Himalayas, the mountain system on the northern part of India

The Himalayas form a part of an extensive mountain system. From Pamir Knot in Central Asia it swings in an unbroken arc of several parallel ranges for over 2413 km, rising abruptly almost like a wall flanking the northern, eastern or western borders of Indian subcontinent. Its central range, which is the highest, The Great Himalayas consists 40 peaks which rise to altitudes between 7620and 8840 meters The Himalayas become  the feeding ground of major Indian rivers. At various places within the Himalayan system many valleys and plateaus are formed like Kashmir and Kulu valleys. The high altitudes admit travel only to a few passes notably the Jelep La and Nathu La on the main. Indo Tibet trade route –through the chumbi valley, north east of Darjeeling and Shipke La the Sutlej valley, north east of Kalpa (Kinnaur).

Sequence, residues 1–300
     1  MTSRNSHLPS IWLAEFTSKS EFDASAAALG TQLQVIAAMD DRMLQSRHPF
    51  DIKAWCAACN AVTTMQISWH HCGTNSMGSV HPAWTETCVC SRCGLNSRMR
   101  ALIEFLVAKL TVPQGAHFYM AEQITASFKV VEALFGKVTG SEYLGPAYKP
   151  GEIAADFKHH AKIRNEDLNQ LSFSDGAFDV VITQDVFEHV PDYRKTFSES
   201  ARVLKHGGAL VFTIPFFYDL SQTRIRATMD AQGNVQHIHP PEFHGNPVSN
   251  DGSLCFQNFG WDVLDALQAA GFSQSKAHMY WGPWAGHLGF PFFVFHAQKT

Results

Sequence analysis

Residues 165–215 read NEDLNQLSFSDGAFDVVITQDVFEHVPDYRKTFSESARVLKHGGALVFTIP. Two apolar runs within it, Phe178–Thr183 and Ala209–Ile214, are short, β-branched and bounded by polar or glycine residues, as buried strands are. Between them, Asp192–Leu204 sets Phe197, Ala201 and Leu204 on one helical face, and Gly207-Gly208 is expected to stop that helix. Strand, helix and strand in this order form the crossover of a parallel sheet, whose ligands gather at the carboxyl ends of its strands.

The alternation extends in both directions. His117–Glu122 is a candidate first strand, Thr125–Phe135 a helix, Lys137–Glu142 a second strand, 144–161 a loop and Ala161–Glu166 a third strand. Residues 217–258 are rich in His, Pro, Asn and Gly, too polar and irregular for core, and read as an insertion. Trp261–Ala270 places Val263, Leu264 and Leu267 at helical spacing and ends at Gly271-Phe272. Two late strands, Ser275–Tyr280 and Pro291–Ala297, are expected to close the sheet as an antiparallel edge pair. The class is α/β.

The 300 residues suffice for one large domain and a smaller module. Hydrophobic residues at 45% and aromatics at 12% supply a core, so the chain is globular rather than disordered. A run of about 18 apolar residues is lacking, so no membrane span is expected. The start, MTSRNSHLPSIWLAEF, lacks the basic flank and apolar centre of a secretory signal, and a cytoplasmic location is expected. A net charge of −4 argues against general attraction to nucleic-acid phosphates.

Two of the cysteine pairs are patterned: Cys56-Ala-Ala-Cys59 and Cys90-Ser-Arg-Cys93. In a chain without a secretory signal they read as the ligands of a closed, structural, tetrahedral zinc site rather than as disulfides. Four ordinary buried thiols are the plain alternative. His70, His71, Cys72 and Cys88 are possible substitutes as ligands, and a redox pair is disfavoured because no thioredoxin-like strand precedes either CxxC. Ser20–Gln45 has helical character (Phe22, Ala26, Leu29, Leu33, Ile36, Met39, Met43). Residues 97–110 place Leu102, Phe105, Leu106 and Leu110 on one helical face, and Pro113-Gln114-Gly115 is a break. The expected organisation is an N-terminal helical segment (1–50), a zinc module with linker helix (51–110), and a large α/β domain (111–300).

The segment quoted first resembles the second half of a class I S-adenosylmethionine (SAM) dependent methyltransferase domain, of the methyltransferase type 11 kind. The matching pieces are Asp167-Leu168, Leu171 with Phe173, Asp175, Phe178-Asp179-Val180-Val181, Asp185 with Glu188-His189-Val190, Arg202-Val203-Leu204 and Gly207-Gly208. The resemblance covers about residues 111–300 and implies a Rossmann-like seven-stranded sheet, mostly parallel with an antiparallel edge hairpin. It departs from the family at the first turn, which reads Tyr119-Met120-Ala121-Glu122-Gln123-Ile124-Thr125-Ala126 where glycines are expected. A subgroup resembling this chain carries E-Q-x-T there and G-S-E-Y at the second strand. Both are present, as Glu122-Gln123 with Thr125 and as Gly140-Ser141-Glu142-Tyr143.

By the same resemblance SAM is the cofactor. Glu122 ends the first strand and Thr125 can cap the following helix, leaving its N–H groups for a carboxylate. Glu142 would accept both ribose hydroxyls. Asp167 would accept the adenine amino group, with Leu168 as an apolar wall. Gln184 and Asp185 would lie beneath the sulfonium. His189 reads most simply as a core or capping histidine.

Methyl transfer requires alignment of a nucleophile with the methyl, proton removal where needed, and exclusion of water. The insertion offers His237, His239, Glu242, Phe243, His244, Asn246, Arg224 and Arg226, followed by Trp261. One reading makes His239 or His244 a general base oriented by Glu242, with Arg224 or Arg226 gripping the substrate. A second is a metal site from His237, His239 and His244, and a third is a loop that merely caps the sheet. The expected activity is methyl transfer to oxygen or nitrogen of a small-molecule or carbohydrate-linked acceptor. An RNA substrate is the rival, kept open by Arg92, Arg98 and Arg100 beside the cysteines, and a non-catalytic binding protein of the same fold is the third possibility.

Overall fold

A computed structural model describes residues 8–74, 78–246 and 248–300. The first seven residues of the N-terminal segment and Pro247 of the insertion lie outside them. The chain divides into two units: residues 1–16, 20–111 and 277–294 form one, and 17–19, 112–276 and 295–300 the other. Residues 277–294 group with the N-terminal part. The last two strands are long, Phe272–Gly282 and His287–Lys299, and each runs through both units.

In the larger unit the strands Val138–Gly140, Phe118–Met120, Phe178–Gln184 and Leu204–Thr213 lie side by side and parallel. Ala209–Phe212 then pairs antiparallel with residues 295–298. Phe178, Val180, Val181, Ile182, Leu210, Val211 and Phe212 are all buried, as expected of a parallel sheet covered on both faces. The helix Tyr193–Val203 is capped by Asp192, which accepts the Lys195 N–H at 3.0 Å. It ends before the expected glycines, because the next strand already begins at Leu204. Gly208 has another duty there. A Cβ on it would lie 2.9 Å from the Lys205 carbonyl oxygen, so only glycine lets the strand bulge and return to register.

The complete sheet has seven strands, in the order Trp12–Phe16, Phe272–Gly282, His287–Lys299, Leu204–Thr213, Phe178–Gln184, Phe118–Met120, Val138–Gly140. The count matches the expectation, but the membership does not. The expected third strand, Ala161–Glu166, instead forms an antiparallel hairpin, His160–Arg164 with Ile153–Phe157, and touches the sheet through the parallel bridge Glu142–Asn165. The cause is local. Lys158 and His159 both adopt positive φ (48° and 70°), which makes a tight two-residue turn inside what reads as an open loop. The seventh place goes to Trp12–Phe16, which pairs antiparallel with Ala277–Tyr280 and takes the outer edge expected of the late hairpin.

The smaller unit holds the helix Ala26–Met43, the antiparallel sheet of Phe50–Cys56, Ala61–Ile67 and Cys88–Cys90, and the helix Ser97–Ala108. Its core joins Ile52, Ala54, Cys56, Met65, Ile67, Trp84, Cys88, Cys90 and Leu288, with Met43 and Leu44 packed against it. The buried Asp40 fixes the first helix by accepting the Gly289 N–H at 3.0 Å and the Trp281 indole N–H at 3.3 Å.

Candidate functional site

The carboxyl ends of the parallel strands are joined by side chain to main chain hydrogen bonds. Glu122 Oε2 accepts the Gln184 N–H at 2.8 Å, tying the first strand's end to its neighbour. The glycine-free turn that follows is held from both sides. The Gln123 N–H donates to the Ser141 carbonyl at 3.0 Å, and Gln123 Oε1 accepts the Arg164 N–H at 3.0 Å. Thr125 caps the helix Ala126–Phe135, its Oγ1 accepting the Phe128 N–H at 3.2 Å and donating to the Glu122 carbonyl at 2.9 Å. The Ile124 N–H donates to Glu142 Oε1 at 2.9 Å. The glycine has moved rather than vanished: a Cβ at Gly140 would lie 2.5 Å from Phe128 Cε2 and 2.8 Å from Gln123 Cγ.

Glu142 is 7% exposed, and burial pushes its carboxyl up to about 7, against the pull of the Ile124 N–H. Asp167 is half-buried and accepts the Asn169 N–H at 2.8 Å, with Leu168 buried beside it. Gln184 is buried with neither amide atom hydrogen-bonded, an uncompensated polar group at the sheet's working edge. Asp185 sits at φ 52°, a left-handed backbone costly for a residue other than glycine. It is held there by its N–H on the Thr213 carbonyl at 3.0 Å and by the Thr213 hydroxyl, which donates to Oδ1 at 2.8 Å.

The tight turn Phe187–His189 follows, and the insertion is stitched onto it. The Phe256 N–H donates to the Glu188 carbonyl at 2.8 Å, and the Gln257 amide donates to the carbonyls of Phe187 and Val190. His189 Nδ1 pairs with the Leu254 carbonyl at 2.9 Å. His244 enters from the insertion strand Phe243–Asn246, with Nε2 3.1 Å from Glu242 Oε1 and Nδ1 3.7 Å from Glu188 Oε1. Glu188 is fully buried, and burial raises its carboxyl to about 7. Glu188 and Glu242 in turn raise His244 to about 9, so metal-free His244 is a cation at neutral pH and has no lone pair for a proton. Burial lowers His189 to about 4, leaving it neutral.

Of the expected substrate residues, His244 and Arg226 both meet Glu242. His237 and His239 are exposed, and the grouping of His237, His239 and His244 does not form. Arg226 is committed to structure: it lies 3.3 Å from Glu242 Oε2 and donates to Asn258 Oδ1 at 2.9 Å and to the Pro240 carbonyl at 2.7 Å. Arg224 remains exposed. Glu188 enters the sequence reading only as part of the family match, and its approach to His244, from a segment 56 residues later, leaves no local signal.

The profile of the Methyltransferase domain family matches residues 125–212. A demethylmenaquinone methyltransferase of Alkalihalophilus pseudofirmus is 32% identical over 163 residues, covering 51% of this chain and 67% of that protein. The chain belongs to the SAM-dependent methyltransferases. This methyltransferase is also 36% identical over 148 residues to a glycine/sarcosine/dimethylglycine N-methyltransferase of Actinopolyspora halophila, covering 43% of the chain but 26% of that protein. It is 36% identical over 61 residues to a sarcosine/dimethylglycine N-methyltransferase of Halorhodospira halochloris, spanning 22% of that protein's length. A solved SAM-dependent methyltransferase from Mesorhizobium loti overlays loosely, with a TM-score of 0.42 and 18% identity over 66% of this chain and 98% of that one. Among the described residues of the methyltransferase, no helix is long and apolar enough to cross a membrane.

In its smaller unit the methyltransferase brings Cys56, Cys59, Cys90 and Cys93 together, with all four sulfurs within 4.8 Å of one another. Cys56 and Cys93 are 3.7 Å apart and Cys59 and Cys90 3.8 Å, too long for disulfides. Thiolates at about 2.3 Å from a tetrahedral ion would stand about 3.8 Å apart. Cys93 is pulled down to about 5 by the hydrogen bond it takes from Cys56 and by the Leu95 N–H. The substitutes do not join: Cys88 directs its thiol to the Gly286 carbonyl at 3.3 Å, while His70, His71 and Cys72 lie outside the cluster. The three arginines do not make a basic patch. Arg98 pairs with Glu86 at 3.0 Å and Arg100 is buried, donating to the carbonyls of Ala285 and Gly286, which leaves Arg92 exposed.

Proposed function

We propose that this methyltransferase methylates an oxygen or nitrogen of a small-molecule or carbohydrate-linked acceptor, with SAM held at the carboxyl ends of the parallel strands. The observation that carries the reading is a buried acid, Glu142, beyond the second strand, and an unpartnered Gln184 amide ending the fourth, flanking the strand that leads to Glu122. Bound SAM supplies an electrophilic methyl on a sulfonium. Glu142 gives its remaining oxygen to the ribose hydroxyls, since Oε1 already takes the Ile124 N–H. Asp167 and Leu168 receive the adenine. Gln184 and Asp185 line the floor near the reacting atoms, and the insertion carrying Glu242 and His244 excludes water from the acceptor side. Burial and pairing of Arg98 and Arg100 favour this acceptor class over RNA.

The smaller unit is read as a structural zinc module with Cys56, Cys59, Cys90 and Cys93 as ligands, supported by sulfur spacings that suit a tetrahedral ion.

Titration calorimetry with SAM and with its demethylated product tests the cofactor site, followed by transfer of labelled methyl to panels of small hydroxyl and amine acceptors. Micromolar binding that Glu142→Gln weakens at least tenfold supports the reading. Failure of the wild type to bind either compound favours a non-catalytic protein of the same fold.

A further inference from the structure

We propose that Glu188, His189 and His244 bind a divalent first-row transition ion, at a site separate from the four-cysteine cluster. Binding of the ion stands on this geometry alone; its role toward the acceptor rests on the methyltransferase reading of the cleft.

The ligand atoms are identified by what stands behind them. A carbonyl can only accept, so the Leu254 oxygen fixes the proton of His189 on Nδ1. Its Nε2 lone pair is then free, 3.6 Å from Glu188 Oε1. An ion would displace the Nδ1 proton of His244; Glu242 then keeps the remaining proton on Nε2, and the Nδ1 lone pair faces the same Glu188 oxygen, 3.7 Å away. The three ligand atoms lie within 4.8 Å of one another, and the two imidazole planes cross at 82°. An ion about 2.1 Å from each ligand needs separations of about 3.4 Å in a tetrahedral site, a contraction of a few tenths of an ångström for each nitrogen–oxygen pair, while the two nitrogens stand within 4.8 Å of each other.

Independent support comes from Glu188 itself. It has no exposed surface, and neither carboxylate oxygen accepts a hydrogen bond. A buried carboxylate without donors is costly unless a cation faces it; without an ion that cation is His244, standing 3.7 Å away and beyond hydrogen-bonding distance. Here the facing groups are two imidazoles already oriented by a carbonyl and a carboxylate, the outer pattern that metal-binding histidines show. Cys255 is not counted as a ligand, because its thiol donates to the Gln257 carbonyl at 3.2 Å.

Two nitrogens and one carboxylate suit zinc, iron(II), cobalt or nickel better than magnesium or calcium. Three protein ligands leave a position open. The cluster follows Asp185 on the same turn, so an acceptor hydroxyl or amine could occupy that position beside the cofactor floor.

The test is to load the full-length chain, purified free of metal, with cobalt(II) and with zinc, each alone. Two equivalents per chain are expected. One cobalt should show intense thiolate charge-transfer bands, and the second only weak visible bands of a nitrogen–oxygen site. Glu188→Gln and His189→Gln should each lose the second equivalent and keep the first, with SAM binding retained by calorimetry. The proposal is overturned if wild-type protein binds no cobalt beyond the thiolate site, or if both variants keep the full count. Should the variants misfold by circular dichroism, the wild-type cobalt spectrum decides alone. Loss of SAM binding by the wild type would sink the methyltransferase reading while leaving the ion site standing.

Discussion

In the east, between India and Myanmar (Burma) and India and Bangladesh hill ranges are much lower. Garo, Khasi, Jaintia, Naga Hills running almost east-west join the chain to Mizo and Rkhine Hills running north-south.